c. Risk Management Along with increased visibility, many companies are in the process of mapping key raw materials and suppliers, and developing mitigation steps to reduce risk. By mapping the supply chain, companies can strengthen areas of weaknesses and create a more resilient supply chain.

d. Ability to Use Data Increasing supply chain visibility will enable more data to be collected. The data could be sales information, financial data, transaction data from suppliers, transportation logistic data or point-of-sale data. Also, companies should increase use of external data sources, such as weather data, consumer preference data, Google trend data and, for food, online cookbook data. As these sources of data are collected, the need to process and create actionable insights becomes more important, and techniques like artificial intelligence, predictive algorithms and optimization will be deployed.

e. Management of Value Network Relationships One of the keys to success in the pandemic was the close relationship between the co-op members. Further development of these relationships and the ability to create flexibility in the supply chain will help ensure the industry can handle volatility caused by the pandemic or any future unforeseen event. As Christian Edmiston from Land O’Lakes said, “We have gone out of our way to give our strategic suppliers a chance to maintain business or even build business. When things get tight, those relationships have really shown value.”

Leadership Lessons

The pandemic highlights the need for strong leadership to manage through an abrupt change to the supply chain avoiding a price collapse of the dairy food products, as well as, positioning itself for recovery. In the case of Land O’Lakes, the speed to change the supply chain required decisive action and trust between the farmers, logistics providers, food processors and distributors. The production of milk flows continuously and it necessitates the coordination between all the players within the supply chain to act collaboratively.

This also shows the need for flexibility in the supply chain and the ability to adapt. As a leader, one cannot assume the future will be the same as the past. Decisions made in the past should allow for resilience and cooperation in the supply chain. The need to evaluate the current situation and have the right data at our fingertips is more important than ever to make informed and quick decisions that optimally enables each member of the supply chain network to coordinate its actions and come to an agreement.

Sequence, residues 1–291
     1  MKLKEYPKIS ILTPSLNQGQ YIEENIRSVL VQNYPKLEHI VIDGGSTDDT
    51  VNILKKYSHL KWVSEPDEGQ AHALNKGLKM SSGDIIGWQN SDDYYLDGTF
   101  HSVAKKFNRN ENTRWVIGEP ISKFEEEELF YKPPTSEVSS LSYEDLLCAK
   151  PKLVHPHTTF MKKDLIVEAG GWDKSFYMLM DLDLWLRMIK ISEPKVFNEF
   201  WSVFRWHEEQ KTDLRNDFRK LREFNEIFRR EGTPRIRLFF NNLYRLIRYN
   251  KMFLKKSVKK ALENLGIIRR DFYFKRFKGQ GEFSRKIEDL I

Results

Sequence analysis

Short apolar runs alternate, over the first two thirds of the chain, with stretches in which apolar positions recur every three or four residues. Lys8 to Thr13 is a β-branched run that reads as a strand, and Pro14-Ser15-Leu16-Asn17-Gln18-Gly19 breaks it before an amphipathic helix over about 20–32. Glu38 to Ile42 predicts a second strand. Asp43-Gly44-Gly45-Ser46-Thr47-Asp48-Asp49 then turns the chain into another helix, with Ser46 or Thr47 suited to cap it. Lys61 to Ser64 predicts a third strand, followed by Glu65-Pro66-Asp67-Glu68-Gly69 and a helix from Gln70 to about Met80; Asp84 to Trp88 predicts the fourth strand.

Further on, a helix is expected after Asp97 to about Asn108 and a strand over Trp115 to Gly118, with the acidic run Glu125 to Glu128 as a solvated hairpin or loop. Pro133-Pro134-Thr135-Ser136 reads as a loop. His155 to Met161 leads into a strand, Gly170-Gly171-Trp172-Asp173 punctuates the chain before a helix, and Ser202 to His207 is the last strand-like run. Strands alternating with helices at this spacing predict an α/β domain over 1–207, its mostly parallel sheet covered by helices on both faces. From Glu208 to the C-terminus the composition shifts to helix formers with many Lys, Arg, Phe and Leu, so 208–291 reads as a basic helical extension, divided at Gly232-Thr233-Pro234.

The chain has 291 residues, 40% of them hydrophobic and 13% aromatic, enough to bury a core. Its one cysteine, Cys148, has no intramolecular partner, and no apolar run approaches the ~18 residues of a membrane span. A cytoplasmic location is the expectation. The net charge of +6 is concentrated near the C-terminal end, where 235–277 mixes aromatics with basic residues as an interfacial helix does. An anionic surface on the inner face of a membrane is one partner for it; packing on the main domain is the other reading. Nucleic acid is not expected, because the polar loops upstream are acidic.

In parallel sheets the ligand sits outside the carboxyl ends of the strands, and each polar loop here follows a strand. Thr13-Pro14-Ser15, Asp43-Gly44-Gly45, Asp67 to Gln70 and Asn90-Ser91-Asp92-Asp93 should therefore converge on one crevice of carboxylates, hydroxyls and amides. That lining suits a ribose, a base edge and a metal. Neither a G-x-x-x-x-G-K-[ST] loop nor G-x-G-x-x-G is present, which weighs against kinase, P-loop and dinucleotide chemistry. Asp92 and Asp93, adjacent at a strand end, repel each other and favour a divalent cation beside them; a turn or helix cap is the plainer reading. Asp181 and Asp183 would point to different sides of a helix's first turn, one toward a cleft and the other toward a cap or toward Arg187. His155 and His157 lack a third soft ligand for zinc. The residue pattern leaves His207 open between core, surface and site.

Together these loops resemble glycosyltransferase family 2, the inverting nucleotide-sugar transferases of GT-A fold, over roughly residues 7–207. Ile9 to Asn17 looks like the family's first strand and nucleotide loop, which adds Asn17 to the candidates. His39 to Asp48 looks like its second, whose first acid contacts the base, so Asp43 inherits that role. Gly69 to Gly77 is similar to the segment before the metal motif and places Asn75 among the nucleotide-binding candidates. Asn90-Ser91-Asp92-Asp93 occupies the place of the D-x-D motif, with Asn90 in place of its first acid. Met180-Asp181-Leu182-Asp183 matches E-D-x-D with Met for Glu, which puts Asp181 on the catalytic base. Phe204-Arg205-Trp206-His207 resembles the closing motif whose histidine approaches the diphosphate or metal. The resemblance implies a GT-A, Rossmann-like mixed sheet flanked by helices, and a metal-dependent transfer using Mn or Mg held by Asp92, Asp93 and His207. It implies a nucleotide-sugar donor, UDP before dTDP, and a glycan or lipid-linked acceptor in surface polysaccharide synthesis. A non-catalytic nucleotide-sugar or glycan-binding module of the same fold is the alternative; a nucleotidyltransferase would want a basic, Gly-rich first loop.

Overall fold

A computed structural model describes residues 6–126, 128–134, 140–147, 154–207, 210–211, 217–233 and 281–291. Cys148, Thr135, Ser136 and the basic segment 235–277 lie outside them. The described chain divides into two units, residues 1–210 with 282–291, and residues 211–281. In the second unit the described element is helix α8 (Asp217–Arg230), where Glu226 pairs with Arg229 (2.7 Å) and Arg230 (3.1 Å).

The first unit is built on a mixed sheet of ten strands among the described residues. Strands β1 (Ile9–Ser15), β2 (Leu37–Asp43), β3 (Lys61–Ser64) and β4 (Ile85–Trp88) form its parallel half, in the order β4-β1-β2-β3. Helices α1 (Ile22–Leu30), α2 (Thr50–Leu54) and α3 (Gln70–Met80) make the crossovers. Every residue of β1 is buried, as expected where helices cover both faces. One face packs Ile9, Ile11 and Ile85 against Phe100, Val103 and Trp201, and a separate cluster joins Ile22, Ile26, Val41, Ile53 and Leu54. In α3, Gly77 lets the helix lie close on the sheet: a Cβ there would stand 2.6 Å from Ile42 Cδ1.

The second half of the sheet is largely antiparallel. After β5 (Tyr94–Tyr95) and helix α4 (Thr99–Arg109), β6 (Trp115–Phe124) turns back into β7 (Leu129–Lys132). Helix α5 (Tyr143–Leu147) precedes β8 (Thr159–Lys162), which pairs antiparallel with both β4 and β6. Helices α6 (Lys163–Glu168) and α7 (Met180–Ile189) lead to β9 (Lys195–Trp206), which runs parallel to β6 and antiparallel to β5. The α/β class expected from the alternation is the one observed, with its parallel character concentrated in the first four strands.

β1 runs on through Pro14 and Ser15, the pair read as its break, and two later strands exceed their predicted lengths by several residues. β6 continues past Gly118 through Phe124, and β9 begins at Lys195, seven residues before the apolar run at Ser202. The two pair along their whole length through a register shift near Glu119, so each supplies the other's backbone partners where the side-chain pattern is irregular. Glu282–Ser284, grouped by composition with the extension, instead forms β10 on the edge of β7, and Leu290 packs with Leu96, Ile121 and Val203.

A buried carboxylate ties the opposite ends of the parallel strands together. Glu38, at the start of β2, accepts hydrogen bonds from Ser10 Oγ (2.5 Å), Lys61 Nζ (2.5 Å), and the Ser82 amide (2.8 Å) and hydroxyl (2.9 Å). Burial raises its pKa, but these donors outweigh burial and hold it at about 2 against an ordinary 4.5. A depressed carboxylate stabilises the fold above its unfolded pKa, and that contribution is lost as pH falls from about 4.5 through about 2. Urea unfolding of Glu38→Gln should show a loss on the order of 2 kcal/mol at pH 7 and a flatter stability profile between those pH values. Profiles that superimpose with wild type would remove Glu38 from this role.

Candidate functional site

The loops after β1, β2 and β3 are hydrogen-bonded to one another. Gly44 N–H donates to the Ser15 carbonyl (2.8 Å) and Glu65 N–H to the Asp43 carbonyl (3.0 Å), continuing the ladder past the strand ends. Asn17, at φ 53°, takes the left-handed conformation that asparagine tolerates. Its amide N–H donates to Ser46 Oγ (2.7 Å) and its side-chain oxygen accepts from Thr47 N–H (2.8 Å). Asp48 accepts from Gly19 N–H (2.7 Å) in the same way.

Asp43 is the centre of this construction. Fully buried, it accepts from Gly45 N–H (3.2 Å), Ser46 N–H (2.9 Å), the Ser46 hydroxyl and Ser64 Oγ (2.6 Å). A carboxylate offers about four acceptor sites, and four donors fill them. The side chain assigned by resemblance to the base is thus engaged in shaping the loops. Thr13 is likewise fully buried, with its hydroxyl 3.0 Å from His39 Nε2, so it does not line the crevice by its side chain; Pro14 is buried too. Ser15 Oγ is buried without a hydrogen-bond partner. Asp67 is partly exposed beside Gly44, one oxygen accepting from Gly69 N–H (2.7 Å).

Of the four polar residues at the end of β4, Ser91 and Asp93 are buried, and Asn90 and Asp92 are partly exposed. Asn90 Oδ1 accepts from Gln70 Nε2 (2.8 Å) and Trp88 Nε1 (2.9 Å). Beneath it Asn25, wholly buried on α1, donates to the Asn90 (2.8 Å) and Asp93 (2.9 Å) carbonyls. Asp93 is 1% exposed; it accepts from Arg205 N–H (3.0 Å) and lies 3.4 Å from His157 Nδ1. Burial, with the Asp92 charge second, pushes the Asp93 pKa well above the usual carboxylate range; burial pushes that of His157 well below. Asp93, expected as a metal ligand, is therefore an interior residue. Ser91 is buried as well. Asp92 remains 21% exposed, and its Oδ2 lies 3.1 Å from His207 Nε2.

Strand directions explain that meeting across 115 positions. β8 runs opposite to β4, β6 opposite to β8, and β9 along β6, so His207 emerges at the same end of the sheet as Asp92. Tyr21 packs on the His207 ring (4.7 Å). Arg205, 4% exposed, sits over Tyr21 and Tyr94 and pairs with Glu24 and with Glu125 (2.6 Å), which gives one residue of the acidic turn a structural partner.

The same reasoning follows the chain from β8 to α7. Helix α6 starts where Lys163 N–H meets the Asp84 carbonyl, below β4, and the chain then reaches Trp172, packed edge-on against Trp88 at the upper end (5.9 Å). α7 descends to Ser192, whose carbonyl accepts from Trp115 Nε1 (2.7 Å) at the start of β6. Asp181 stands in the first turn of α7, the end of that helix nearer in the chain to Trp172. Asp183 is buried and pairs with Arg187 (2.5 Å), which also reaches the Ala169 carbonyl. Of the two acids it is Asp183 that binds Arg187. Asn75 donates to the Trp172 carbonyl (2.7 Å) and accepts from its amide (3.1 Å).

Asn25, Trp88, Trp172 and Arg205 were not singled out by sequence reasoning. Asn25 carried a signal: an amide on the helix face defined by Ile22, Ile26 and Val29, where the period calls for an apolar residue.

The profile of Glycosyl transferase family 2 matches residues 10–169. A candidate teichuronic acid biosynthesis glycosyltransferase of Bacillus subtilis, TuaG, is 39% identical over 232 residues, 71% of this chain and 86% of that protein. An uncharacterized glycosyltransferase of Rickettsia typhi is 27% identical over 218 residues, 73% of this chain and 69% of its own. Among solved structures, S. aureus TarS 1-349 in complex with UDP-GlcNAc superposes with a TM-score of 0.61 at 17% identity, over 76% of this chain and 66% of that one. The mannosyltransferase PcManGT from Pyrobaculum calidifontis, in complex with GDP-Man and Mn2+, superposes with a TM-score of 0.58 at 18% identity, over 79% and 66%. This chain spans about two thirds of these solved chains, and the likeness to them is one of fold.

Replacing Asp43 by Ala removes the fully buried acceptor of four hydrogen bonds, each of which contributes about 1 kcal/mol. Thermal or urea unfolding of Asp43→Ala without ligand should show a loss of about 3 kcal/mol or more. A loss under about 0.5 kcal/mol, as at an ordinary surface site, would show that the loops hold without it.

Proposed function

Lastly, each company we spoke to showed care and concern over its employees. For those who could work remotely, they were given the ability to work from home. Those who needed to work on location, their workspaces were modified to limit the transmission of the virus, and safety precautions were put in place. So, empathy was shown to its internal supply chain, as well as to the external network thereby building trust.

As the world recovers from the pandemic, the dairy industry is evaluating what the future landscape will look like. But overall, the supply chain has been proven to be more resilient than expected.

Renu Ramnarayanan Ph.D.

is a faculty member at the Stillman School of Business teaching courses in Supply Chain Management. Prior to Seton Hall, she has had over 25 years of experience in industry, developing organizational areas of expertise in supply chain-revenue management/risk evaluation, marketing planning, forecasting, and pricing.

Benjamin Lowe M.B.A.

is the managing partner of Lebeta Tech, LLC and was formerly head of business intelligence and analytics at Verizon. He has earned a B.S. and a M.S. degree in Electrical Engineering and Computer Science from Johns Hopkins University and an M.B.A. in Finance from Columbia University.